I’m looking at the Bellroy Sling and having a seriously hard time choosing a color: cabernet, forest green, lunar are the top contenders. Help me!

I’m also desperately wanting to change up my wardrobe for new shorts, colorful/patterned shirts, ties.

I love to travel, and I love bags. So when I saw the Aer Travel Pack on Kickstarter, I really wanted to back it. I selected the $194 Early Bird Bundle, which included the bag and a Dopp kit (will retail for $260). Then stretch goal after stretch goal started unlocking: gray Dopp kit, gray bag, special edition Kickstarter-green zipper pulls, and a packing cube.

I chose gray over black for better visibility among a sea of black luggage, and for a little more style. (The green zipper pulls help, too.)

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Travel Pack Features

8 Compartments

The #1 thing that made me want this bag is that it combines the hands-free backpack form factor with a traditional lay-flat compartment for clothing. The bag is a total of 33L (measuring 21.5×13.5×8.5 inches), and I was easily able to fit:

  • 1 suit
  • 2 t-shirts
  • 1 polo
  • 1 dress shirt
  • 2 undershirts
  • 1 pair of jeans
  • 1 pair of slacks
  • 3 pairs underwear
  • pajamas
  • belt along with a couple ties and pocket squares (tucked into a zippered pocket)

The shoe compartment is a little strange because of the way it juts into the main compartment. It’s nice to have a built in shoe bag with easy access, but you have to pack around it somewhat (maximize space by stuffing your shoes with socks, etc.). The organizational compartment between the front and the main (lay-flat) compartment contains an 1) open pocket, 2) pocket with flap, 3) velcro pocket, 4) zippered pocket, and 5) mesh pocket will hold Field Notes, Kindle, iPad 9.7” (maybe a 12.9” Pro), pens, and miscellaneous small items. A quick access top pocket is perfect for small valuables like your passport. The laptop compartment is absolutely huge as it’s meant to accommodate 15.6” machines. There’s also a convenient expandable bottle holder. The bottom front pocket is perfect for storing chargers. There’s so much space in this bag that I didn’t even know what to do with the top front pocket.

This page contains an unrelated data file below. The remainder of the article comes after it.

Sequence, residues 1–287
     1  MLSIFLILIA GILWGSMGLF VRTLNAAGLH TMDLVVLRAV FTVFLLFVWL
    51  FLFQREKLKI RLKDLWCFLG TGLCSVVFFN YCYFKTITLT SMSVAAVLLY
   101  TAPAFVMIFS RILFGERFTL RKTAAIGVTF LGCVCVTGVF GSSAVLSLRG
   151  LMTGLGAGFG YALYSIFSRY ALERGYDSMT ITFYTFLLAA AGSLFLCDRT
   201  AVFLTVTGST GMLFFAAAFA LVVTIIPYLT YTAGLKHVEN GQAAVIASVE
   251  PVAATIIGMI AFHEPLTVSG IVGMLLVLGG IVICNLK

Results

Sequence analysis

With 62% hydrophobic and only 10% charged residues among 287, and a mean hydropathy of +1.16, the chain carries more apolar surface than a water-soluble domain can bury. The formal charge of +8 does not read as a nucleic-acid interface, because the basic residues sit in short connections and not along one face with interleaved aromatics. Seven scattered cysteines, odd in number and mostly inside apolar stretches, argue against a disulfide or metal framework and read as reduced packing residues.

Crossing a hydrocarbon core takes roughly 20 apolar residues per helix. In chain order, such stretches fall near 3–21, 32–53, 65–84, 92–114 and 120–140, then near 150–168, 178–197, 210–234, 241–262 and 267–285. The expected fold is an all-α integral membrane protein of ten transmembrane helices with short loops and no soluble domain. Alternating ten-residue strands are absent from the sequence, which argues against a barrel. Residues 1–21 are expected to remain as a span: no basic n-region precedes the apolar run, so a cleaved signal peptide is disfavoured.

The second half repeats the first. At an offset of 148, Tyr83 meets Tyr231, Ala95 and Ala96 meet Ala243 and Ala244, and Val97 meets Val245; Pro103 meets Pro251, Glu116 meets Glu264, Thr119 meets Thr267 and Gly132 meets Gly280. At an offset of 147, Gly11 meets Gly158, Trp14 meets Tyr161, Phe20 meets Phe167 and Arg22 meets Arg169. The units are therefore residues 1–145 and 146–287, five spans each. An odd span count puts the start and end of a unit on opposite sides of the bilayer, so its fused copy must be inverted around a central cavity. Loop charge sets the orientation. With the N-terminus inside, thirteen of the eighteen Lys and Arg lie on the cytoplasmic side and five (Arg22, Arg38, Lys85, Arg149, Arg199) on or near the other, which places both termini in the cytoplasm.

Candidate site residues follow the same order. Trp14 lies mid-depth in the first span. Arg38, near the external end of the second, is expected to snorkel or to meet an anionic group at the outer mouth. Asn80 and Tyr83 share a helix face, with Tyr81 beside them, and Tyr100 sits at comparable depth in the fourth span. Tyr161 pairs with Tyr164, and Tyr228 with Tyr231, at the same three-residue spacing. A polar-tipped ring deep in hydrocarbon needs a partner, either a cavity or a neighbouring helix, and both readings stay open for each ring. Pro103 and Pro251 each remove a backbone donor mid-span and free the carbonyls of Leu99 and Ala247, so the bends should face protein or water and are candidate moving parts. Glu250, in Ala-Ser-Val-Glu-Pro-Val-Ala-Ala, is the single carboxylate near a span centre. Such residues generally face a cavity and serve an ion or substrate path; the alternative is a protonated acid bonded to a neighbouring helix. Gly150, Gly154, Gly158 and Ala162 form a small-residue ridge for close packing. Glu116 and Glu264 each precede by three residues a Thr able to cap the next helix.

Straps & Handles

The backpack straps (like the back) are padded and while there’s no sternum strap, there’s a waist strap to help with the load. The bag also offers a top strap and side strap (just behind the bottle holder) for when you prefer to hand-carry the bag. There are 2 compression straps per side, and they really only affect the main compartment; you retain full access to the organizer with them secured.

Construction

The bag is supported by an internal frame sheet. It’s really well built; I haven’t come across a single loose thread, and the 900D heather gray polyester seems extremely durable. I like the zipper pulls (but I’d say the black ones seem better built than the green ones).

Dopp Kit

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This Dopp kit has a side strap for a handle, and 3 compartments. One is a quick access side pocket. The other 2 have a few elastic straps and mesh pockets for organization. The outside has a strap that you can stick your toothbrush in if you so desire.